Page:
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Global secondhand market to reach 350 billion dollars by 2027, according to ThredUp

By Rachel Douglass


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ThredUp's 'Clean Out' programma. Image: ThredUp

Resale platform and tech provider ThredUp has published its 11th annual Resale Report which looks to offer a comprehensive measure of the global and US-focused secondhand market.

Next to new insights about the market’s growth and consumer shopping behaviour, the report also offers an overview of forward-looking projections for the coming year.

In a release linked to the report, James Reinhart, ThredUp’s CEO, said that this edition of the report had some of the company’s “most inspiring findings” since it began in 2013.

He continued: “Resale is starting to blossom globally, with many of the largest retailers in the world adopting more circular business models; value continues to be a key driver that motivates consumers to think secondhand first; and at the same time, global climate issues have increased awareness of resale’s potential to reduce fashion’s impact on the environment.”

One of the top findings was that the global secondhand market is set to nearly double by 2027, reaching 350 billion dollars, with the US market contributing to 70 billion dollars of this.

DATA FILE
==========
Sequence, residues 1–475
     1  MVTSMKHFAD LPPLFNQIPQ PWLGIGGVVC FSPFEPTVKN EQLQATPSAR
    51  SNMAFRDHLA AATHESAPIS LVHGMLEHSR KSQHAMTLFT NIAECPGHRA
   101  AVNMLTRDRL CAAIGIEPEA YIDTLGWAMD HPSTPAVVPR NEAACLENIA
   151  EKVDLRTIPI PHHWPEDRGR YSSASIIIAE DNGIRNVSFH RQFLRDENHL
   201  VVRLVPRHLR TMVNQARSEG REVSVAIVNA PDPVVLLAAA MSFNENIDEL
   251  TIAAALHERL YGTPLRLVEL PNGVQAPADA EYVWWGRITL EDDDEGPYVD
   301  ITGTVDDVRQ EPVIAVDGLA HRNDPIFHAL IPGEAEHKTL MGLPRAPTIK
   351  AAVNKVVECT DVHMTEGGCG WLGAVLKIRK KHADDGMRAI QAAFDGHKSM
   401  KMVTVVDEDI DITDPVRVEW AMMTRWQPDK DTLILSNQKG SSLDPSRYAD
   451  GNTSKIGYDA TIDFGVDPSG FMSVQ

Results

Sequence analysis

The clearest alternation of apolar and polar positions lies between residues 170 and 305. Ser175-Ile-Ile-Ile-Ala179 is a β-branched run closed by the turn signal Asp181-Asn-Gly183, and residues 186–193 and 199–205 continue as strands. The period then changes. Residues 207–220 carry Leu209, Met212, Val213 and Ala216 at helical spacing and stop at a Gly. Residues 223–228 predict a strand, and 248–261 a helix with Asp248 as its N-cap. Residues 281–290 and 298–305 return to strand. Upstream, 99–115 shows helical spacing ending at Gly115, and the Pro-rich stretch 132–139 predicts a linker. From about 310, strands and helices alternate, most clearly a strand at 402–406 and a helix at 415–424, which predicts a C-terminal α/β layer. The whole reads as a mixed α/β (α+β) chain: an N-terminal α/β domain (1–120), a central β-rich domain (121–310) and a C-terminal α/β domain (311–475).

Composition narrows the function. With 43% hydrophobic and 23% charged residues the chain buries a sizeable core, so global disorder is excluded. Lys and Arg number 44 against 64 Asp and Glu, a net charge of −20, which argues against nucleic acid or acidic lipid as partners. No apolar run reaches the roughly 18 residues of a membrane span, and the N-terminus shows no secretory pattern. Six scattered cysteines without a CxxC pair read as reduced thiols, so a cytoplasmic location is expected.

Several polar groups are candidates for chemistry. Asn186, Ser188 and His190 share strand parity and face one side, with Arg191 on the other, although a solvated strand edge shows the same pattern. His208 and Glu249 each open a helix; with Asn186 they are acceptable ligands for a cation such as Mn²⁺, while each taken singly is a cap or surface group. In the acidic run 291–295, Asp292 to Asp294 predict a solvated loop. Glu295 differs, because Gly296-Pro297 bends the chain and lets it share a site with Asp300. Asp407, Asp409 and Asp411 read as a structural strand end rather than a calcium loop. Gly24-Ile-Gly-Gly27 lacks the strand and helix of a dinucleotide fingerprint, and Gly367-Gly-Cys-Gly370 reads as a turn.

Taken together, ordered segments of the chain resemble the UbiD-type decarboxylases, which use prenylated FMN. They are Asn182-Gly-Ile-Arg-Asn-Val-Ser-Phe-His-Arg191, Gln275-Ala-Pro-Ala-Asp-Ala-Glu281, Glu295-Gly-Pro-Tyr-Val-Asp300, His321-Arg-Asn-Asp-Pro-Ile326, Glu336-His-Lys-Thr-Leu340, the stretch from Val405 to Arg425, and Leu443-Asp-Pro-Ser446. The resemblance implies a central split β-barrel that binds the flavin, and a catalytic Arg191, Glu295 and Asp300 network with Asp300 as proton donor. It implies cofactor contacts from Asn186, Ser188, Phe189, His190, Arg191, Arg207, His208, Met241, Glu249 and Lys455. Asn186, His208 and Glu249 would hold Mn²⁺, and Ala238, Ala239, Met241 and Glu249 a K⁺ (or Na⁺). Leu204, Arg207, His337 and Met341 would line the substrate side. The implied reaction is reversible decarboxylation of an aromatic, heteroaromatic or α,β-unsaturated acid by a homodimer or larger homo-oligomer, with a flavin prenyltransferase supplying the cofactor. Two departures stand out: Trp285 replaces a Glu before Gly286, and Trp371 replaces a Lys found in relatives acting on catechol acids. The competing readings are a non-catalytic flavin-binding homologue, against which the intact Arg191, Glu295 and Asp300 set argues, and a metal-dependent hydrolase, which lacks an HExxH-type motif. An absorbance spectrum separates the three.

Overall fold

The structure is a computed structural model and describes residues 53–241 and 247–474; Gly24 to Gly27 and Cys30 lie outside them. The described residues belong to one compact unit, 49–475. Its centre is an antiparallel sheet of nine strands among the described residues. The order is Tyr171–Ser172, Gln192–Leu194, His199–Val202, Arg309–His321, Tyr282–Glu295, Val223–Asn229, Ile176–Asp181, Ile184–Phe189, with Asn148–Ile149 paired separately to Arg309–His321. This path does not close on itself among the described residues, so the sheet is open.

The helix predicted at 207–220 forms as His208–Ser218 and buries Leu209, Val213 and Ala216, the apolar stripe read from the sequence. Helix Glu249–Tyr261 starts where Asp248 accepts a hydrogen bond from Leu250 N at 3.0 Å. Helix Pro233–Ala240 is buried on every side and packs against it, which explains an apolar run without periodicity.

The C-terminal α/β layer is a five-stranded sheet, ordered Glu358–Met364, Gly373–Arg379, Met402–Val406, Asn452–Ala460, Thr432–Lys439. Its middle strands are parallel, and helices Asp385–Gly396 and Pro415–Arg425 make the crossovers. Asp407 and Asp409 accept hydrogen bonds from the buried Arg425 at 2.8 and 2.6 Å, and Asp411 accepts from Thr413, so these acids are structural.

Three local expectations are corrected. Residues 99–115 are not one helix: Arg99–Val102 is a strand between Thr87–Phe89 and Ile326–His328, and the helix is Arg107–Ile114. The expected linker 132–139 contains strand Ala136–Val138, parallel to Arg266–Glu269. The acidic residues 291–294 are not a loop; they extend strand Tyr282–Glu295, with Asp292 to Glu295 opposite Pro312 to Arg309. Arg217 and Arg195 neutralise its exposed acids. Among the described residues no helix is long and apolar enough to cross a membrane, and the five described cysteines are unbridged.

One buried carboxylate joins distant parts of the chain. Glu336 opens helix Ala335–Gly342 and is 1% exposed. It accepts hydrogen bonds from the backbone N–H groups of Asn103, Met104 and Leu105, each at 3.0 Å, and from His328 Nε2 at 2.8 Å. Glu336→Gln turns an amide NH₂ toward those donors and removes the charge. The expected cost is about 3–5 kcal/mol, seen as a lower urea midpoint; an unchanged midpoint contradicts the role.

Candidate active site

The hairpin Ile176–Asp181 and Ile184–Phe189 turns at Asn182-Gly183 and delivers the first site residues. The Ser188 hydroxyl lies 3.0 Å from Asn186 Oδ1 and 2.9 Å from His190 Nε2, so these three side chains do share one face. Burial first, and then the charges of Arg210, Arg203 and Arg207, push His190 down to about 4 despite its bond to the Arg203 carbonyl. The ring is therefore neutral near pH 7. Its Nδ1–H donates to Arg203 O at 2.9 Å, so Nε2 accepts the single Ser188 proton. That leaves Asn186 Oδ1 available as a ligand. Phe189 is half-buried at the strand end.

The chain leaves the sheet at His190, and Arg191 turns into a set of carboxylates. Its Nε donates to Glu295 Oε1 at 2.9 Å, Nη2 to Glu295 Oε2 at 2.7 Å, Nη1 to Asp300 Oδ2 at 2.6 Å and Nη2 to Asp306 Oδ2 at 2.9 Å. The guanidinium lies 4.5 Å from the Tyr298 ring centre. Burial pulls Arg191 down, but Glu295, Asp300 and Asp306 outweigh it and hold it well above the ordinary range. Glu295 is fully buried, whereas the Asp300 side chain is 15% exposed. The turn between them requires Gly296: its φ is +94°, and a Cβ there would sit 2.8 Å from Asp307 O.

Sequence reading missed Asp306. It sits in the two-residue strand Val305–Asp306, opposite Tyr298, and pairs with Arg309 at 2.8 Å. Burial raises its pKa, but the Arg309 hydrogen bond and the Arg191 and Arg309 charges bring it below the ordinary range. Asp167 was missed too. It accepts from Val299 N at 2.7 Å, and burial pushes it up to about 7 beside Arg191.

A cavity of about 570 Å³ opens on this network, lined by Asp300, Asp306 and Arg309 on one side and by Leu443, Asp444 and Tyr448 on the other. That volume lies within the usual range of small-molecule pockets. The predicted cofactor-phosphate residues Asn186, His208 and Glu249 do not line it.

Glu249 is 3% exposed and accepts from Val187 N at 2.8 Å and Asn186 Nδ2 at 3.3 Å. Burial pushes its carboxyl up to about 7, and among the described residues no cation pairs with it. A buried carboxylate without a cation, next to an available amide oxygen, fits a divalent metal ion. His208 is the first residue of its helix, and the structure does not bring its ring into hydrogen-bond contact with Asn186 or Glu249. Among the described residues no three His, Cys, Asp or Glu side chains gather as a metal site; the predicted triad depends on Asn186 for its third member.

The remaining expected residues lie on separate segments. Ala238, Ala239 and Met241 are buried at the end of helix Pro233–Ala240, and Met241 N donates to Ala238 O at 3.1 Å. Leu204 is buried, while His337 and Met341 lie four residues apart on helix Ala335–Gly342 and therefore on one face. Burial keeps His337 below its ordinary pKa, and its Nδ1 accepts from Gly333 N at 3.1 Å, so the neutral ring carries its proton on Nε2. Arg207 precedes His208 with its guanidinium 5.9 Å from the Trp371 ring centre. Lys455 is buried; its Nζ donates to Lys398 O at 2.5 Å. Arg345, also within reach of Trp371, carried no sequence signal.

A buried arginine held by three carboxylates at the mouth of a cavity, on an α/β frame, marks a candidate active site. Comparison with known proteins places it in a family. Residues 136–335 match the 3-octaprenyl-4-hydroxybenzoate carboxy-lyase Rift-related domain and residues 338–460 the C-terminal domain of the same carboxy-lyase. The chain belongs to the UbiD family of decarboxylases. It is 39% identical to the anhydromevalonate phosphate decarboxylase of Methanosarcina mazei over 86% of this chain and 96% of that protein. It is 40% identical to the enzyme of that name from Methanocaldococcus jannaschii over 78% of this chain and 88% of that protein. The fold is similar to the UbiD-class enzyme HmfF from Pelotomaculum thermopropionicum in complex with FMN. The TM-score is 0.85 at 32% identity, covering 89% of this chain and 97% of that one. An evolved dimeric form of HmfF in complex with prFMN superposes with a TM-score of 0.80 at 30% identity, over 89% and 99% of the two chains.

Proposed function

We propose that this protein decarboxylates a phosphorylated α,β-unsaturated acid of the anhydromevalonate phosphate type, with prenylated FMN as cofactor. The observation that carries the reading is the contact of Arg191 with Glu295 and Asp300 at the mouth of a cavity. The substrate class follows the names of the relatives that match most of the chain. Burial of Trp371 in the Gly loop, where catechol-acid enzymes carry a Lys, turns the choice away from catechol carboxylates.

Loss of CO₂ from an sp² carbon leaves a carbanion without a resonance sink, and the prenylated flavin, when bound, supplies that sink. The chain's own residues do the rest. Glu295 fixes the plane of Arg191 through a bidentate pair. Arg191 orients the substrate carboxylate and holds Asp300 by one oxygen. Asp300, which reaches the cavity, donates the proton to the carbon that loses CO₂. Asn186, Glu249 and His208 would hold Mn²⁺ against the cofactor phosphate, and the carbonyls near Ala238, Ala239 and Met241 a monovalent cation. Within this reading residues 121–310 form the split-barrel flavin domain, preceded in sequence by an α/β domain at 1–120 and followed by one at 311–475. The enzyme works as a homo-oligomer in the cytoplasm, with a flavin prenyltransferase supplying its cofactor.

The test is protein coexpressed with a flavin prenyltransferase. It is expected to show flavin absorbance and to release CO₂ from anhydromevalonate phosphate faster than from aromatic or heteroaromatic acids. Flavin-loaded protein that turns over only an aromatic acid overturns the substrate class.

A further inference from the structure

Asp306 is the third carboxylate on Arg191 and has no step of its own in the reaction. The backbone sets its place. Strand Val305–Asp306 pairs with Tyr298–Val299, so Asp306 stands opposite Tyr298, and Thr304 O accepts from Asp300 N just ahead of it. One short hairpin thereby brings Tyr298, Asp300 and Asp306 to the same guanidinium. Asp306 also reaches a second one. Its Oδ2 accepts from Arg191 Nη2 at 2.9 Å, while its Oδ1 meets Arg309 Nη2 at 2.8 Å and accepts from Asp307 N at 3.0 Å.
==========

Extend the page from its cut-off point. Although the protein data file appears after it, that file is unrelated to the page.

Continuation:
In the US, ThredUp said online resale was the fastest growing sector of secondhand, with it expected to grow by a further 21 percent annually on average over the next five years.

Off-price retailers hold largest market share

Consumers in this region were found to be adopting this shopping behaviour based on economic uncertainty, inflation and value, with 37 percent said to have spent a higher proportion of their apparel budget on pre-loved clothing last year.

For retailers, 86 percent of executives reported that customers were already participating in resale, triggering a 224 percent increase in brands launching dedicated resale offerings in 2022.

For many, resale is a strategic business initiative, with the majority launching such a feature in order to generate positive ROI and satisfy investor demands around ESG.

In terms of market share, for 2023, off-price retailers like TJ Maxx hold the largest portion, followed by secondhand platforms like ThredUp or goodwill stores, direct-to-consumer retailers and mid-price specialty brands.

Speaking on the results of the report, Neil Saunders, managing director of GlobalData, a third-party retail firm that conducted the report, said: “What's particularly striking this year is new detail around how much younger generations are expected to account for future growth as their purchasing power increases.

“Traditional retailers are responding to this demand by entering resale and are really the ones driving the market forward, and we expect increased adoption in retail as secondhand becomes more of a lifestyle for consumers."